Section 989G(b) of the Dodd-Frank Wall Street Reform and Consumer Protection Act required the Securities and Exchange Commission to conduct a study to determine how the SEC could reduce the burden of complying with Section 404(b) of the Sarbanes-Oxley Act (the auditor attestation requirement) for companies whose market capitalization is between $75 and $250 million, while at the same time maintaining investor protection. The SEC was also required to consider whether an exemption for such companies from Section 404(b) compliance would encourage the U.S. listing of initial public offerings (IPOs).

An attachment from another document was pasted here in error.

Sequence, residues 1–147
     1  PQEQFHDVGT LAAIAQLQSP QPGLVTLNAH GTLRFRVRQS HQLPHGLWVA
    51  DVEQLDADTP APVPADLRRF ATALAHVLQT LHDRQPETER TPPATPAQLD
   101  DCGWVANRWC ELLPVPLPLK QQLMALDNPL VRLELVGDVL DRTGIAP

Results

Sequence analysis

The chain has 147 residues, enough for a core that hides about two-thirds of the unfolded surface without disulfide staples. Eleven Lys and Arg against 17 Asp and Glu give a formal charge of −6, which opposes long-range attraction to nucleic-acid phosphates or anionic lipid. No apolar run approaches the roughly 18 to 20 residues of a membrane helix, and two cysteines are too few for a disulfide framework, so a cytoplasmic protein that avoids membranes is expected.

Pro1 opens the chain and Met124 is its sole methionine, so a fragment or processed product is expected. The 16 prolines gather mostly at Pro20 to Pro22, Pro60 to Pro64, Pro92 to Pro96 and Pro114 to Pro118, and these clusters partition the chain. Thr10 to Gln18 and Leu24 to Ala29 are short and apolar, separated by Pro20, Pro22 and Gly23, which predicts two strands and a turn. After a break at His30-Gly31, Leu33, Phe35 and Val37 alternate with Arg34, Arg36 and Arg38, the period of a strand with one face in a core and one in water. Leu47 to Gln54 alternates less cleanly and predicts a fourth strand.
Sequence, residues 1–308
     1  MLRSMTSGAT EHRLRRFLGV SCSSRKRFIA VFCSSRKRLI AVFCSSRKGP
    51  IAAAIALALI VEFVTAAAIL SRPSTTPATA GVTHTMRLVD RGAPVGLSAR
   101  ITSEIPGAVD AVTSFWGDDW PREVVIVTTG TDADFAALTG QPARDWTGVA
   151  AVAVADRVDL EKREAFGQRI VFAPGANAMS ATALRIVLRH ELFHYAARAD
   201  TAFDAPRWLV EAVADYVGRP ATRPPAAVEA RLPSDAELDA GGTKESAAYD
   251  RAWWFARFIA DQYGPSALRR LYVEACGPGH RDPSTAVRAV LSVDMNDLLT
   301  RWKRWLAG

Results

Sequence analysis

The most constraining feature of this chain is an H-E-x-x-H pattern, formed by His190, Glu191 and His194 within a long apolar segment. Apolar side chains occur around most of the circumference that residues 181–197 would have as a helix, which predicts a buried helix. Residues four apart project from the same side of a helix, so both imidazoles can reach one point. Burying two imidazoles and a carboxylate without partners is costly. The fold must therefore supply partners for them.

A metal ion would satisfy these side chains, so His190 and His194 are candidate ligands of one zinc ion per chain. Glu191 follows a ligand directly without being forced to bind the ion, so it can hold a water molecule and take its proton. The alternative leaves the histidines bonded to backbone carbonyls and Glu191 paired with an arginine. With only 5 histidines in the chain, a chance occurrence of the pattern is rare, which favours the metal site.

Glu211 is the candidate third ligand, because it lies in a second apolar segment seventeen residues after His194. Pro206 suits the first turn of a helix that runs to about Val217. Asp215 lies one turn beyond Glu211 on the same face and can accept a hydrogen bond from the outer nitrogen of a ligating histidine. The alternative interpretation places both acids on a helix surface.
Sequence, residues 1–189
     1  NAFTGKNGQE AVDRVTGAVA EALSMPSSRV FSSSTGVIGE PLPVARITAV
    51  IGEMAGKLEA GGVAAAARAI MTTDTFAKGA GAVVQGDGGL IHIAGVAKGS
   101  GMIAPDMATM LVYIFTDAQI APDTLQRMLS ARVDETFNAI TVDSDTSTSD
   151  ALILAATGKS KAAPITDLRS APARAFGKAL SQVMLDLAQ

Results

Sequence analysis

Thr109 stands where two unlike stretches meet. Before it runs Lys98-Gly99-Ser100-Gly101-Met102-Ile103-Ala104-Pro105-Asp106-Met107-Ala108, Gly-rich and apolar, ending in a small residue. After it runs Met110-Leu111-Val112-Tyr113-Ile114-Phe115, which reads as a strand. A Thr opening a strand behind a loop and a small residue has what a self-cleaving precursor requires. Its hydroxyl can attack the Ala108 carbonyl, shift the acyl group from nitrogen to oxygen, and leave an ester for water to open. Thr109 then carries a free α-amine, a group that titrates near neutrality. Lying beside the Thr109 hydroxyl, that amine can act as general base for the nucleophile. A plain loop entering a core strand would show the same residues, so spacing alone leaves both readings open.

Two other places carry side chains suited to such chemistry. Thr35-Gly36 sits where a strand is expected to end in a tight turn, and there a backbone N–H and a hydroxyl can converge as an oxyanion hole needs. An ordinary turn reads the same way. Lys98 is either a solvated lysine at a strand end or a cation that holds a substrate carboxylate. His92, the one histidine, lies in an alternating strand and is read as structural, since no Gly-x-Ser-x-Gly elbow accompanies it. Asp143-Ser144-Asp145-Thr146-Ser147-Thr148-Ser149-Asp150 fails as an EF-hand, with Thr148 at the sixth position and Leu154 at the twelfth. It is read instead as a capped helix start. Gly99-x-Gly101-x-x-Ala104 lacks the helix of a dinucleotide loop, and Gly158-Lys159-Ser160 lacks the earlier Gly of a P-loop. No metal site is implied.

In a 113-page study published on April 22, the SEC concluded that the existing requirements for issuers with a $75-$250 million public float to comply with the auditor attestation provisions of Section 404(b) should be maintained and that no new exemptions should be granted. Specifically, the SEC found that over time the costs and burdens of Section 404(b) compliance have declined and that eliminating them would not "justify the loss of investor protections and benefits to issuers…". It also found that "the evidence does not suggest that granting an exemption to issuers that would expect to have $75-$250 million in public float following an IPO would, by itself, encourage companies in the United States or abroad to list their IPOs in the United States". In sum, the SEC, noting that the Dodd-Frank Act already exempts approximately 60% of reporting issuers from Section 404(b) compliance, does not recommend further extending this exemption.